RNA from cultured cells and from patients with CLL was extracted with standard Trizol (Invitrogen) methods. Co-purified genomic DNA was removed by the treatment with DNase I (Thermo Fisher Scientific Inc., Amplification Grade, USA) according to the manufacturer’s instructions. RNA extracted from lentivirus infected cells was further purified by using RNA Clean Up and Concentration Kit (Norgen Biotek, Canada). 80 ng of total RNA was subjected to cDNA synthesis by using Super Script VILO DNA synthesis Kit (Invitrogen, USA) according to the manufacturer’s instructions. Real-time PCR analysis was carried out by using ABI PRISM 7900 Sequence Detection System. TaqMan® Gene Expression Assay Kits for the detection of MIAT, OCT4 and TBP were Hs00402814, 4331182, and 433376, respectively (Life Technologies, USA). Assay was done in triplicates for each sample. The level of transcription was measured with Ct (threshold-cycle). The amount of target, normalized to an endogenous reference, is given by 2−ΔCt (Comparative Ct method; Applied Biosystem).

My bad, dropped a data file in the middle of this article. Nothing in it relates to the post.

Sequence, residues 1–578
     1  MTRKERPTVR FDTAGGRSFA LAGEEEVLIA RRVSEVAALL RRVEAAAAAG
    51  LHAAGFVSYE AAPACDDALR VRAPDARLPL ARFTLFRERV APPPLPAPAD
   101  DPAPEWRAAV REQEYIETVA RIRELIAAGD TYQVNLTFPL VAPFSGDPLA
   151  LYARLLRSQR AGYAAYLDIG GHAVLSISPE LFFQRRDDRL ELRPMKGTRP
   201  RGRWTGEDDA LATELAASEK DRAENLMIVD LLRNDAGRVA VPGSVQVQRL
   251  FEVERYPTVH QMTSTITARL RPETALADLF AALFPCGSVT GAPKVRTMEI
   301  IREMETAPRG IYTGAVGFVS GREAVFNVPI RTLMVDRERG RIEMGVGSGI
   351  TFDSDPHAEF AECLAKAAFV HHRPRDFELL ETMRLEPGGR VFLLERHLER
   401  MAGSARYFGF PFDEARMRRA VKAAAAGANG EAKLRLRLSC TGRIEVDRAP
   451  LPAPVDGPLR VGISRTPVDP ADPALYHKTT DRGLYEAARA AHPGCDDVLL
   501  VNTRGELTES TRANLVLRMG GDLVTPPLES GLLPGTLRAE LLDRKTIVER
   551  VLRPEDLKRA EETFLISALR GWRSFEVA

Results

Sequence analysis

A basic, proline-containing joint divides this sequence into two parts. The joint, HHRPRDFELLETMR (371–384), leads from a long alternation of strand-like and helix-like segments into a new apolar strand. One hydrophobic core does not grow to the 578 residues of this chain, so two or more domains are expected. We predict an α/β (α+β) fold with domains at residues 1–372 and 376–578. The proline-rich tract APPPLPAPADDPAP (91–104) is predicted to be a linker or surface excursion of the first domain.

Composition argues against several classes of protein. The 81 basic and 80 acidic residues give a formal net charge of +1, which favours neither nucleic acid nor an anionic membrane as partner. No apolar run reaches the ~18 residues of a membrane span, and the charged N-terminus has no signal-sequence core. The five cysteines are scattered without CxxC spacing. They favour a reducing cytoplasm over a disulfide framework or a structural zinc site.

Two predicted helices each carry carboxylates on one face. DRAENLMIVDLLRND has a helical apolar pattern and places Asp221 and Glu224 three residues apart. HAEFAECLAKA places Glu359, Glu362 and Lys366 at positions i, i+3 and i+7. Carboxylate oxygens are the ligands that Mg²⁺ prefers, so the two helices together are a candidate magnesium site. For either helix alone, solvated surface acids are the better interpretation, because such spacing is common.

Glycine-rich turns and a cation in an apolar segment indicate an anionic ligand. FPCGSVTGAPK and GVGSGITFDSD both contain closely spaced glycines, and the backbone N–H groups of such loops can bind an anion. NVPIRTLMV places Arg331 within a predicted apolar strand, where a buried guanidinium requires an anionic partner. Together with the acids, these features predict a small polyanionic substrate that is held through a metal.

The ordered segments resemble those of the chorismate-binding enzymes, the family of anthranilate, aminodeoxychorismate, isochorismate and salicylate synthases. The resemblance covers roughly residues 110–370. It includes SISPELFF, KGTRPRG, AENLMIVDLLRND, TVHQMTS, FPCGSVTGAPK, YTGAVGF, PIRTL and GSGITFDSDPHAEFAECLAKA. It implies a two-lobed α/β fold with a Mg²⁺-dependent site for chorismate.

Gene silencing by siRNA transfection and lentivirus-mediated transduction of shRNA